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  Analyzed 8 months ago based on code collected almost 2 years ago.
 
Posted about 8 years ago
At the end of this week I'll leave TÜBİTAK /UEKAE and start to work for IBM. It doesn't mean that I'm leaving Pardus, I'll continue to maintain my packages and bugs too like other pardus developers. Doesn't matter where you work for as long as ... [More] you're in the open source community, so I'll be around...

I would like to say thank you Tekman and rest of the team for everything, I'm so proud to work with you guys.
I love you Pardus and always have... [Less]
Posted about 8 years ago
Pardus Linux gives the opportunity to start your own local svn server very quickly !
Just launch Tasma, your friendly Pardus Configuration Center, and from the System module, click on the Service Manager.
Here you can see listed as an ... [More] available service (but not currently running) the SVN server.
Click on it and then run it...
Wait young Jedi, you are not totally done yet ! ^^
If you type ps -eaf | grep svnserve in your Yakuake (I am in love with this terminal since the first day I launched it !), you will find something like this :
apache 3755 1 0 23:55 ? 00:00:00 /usr/bin/svnserve --foreground --daemon --root=/var/svn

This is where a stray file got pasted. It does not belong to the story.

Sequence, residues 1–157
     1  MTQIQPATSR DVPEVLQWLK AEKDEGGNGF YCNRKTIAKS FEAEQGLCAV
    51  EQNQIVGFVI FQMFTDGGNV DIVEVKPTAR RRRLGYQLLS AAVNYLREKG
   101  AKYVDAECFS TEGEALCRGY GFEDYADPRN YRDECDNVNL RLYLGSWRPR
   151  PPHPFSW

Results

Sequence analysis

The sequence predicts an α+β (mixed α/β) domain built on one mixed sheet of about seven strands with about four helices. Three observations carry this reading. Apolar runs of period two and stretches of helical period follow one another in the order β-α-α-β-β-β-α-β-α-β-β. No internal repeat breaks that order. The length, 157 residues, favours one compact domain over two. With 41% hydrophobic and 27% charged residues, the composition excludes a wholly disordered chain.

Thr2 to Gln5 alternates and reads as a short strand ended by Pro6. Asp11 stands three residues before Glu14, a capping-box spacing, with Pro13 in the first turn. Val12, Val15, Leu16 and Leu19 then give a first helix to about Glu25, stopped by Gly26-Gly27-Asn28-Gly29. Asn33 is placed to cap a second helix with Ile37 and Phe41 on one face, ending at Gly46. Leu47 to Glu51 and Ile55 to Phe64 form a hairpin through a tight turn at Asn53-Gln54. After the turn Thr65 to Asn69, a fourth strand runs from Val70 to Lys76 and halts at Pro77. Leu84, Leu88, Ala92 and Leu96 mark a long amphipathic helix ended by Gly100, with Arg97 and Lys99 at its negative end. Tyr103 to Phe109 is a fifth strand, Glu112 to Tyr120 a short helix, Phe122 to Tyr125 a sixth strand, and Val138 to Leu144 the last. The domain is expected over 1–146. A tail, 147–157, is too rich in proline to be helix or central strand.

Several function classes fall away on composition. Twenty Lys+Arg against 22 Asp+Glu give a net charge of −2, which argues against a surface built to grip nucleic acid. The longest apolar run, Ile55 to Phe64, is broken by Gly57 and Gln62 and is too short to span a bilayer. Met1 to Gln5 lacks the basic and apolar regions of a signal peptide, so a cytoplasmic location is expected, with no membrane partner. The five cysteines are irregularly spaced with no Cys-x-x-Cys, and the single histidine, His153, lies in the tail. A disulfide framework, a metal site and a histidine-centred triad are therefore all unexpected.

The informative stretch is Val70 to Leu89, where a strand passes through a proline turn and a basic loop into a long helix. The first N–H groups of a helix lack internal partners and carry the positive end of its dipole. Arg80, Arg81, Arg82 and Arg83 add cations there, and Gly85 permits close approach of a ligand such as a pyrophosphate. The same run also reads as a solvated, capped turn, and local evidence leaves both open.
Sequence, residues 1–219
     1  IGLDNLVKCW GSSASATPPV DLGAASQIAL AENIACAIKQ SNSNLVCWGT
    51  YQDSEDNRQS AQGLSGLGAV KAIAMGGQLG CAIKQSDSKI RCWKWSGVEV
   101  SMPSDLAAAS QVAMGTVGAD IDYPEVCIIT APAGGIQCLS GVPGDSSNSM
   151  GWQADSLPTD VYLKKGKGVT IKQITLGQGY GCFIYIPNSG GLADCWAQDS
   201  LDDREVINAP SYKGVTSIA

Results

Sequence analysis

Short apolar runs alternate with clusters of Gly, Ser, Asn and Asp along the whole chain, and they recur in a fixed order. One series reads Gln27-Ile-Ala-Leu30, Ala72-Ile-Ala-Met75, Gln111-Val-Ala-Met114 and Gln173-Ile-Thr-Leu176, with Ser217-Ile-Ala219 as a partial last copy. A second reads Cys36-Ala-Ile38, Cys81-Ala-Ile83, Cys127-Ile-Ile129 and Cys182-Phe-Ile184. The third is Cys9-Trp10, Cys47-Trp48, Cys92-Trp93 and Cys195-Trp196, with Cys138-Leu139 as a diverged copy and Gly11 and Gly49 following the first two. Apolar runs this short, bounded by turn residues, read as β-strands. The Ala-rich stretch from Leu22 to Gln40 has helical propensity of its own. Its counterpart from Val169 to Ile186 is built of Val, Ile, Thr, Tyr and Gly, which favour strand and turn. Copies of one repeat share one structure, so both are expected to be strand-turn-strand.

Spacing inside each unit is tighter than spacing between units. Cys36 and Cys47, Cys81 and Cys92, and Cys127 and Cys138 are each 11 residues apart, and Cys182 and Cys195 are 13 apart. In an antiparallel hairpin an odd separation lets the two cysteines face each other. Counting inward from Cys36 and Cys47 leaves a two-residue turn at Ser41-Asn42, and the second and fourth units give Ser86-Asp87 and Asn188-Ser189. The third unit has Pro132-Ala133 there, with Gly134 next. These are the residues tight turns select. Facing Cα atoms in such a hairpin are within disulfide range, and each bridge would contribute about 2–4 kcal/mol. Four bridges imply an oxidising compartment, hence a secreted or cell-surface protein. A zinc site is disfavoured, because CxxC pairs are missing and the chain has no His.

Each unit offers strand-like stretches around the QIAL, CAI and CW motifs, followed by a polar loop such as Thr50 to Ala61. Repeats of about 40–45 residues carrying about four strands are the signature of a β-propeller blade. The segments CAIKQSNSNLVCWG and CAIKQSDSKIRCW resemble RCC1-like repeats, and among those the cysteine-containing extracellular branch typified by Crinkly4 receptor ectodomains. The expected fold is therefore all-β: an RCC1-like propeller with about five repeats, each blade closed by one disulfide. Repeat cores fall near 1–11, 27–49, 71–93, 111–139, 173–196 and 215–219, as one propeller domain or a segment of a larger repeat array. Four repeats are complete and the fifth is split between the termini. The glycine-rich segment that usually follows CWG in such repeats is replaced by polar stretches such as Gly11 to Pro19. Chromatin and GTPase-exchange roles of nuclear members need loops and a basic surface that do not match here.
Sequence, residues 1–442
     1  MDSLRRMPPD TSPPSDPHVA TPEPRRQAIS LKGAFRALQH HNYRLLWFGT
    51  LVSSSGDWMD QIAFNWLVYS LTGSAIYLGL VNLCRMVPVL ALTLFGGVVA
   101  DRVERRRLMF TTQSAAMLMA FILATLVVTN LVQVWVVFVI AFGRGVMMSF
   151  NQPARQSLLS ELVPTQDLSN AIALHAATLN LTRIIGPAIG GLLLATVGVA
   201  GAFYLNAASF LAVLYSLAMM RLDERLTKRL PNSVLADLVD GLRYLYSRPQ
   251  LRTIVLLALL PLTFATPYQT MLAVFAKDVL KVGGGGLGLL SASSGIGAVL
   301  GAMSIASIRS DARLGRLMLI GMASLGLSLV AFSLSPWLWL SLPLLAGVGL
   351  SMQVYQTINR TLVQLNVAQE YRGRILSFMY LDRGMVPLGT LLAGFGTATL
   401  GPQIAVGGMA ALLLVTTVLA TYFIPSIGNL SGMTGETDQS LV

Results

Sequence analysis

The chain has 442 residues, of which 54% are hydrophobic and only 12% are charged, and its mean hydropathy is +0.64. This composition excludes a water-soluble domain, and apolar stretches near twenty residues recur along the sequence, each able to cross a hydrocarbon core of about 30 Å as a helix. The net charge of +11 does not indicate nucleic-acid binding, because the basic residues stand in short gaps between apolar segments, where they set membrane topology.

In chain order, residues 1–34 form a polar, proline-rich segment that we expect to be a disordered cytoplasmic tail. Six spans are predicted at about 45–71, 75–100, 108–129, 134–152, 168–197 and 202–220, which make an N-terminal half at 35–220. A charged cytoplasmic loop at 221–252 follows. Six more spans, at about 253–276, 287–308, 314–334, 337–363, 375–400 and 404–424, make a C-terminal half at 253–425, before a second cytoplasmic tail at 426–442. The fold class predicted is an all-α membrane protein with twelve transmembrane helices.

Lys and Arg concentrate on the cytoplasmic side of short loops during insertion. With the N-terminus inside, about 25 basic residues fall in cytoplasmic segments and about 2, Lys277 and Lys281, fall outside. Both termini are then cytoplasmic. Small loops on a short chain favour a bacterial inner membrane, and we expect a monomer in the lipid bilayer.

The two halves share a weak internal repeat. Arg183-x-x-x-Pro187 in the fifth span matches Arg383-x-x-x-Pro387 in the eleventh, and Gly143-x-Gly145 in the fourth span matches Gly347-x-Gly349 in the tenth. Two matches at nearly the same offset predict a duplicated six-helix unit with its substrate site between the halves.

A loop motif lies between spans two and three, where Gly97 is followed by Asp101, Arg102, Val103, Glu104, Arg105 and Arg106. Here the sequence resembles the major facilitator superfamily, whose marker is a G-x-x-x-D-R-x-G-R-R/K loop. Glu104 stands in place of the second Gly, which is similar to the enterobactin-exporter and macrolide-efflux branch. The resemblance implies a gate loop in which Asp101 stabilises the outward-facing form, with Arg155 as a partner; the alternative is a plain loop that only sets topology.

Oh ho... has Pardus made it work directly...
well not really... Actually there is no such thing as /var/svn yet !
First thing first let's create the directory :
$ su
# mkdir /var/svn
In order to create repositories, you have to use svnadmin :
# svnadmin create /var/svn/repository

Have a look at http://svnbook.red-bean.com/en/1.1/ch06s03.html for more information as how to
administer your server...
Personnally I prefer accessing it through ssh.
In order to do that, use your Service Manager to fire the ssh server... and then you can access your svn server thanks to the url :
svn list svn ssh://localhost/var/run/repository
It will ask you for a password and then will not give you any error message... meaning your server is ready for the initial import !!
Enjoy ! [Less]
Posted about 8 years ago
Great news from Linux Quake team! We made an interview with LordHavoc - the Darkplace’s author. He talks about his latest project, security modules, and lots of technical Quake 1 goodness:

>>…How are things ?

Somewhat ... [More] confusing since I have two main projects…

My main focus at this point is on my new engine DarkWar [no website yet] which
is a minimalist engine based on modeled maps which do not require compilation
(in stark contrast to Quake), and data-driven game system (spreadsheet
describing all the game objects), which is being used for the DarkWar game - a
teamplay oriented multiplayer FPS game that introduces some new gameplay
concepts such as physics playing a big role in gameplay (and I’m not talking
about throwing barrels around . and is intended to be a complete competitive
online gaming experience with tournaments, stats, a clan system, and other
features.